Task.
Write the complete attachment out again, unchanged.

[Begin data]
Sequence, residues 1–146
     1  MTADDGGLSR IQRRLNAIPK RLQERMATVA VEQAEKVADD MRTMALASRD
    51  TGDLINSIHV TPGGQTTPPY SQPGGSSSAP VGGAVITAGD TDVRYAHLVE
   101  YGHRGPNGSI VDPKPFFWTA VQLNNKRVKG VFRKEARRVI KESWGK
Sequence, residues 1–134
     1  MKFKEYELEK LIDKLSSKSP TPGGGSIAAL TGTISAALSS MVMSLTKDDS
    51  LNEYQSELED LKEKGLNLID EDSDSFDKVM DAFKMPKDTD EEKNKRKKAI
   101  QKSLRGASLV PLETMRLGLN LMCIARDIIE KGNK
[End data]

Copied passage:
Sequence, residues 1–146
     1  MTADDGGLSR IQRRLNAIPK RLQERMATVA VEQAEKVADD MRTMALASRD
    51  TGDLINSIHV TPGGQTTPPY SQPGGSSSAP VGGAVITAGD TDVRYAHLVE
   101  YGHRGPNGSI VDPKPFFWTA VQLNNKRVKG VFRKEARRVI KESWGK
Sequence, residues 1–134
     1  MKFKEYELEK LIDKLSSKSP TPGGGSIAAL TGTISAALSS MVMSLTKDDS
    51  LNEYQSELED LKEKGLNLID EDSDSFDKVM DAFKMPKDTD EEKNKRKKAI
   101  QKSLRGASLV PLETMRLGLN LMCIARDIIE KGNK